What Happened to Central Park’s Sheep?

The original 1857 concept for New York’s Central Park, designed by Frederick Law Olmsted and Calvert Vaux, included an open lawn known as the "Greensward." Borrowing from the concept of the traditional English garden, where polite society communed with nature, the plan specified that a flock of sheep should graze in the 15-acre meadow on the west side of Central Park. In 1864, some 200 sheep called the park home.

Pedigree Southdown sheep grazed there for nearly 70 years -- until city planners decided to build the Tavern on the Green restaurant on the Sheep Meadow site in 1934. In other circumstances, the sheep might have been relocated elsewhere in the park, but it was the height of the Great Depression and city officials feared that the sheep would be seen as a source of free food.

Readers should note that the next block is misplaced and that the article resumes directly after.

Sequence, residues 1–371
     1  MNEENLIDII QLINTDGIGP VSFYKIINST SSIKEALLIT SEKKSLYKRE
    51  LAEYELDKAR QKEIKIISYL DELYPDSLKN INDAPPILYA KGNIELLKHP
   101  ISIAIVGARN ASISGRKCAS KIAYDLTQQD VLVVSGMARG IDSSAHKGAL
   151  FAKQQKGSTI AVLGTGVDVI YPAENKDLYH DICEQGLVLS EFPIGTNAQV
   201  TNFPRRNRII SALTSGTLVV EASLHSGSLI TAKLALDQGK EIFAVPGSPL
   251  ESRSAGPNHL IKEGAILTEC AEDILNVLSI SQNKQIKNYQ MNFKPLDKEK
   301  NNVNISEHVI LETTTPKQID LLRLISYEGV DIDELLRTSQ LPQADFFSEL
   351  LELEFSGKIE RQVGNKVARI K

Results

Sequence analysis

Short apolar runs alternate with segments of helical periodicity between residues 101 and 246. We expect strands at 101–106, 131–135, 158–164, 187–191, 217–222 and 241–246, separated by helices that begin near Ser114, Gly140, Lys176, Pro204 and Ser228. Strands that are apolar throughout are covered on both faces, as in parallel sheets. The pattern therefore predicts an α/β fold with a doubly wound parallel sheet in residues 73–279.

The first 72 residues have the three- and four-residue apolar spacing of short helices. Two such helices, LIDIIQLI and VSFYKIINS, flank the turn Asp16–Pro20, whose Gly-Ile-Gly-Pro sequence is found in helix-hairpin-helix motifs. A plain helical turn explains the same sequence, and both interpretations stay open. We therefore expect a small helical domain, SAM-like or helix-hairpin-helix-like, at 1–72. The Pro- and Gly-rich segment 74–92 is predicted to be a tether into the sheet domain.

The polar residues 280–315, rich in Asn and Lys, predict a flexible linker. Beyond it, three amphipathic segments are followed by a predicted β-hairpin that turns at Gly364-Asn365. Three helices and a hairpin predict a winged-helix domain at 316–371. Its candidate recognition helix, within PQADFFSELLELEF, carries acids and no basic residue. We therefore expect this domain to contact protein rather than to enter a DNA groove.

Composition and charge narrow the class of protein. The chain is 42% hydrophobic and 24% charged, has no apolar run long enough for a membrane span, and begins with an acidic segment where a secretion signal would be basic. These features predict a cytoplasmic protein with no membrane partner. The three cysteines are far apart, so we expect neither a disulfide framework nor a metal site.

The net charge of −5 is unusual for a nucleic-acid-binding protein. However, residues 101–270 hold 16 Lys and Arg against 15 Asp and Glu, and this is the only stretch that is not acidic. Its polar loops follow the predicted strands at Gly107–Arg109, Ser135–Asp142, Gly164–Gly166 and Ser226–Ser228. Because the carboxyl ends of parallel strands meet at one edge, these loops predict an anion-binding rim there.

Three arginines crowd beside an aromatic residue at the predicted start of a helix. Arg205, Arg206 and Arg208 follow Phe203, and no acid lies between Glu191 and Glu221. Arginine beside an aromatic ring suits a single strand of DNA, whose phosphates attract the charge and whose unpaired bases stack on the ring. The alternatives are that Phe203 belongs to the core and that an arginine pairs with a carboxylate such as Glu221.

Farm life in the big city:

  • The Central Park sheep slept in a Victorian barn, tended by a shepherd and his family who had living quarters on the second floor. Parts of the barn were open to the public as educational pavilions, to the delight of the city's children.

  • Manhattan paid for their care, but the sheep helped out. They kept the grass mowed and fertilized, and their wool was collected and auctioned off.

  • In the 1930s, the Central Park sheep were relocated to Prospect Park in Brooklyn, and eventually left the city for good. They moved 100 miles (161 km) north, into the Catskill Mountains.

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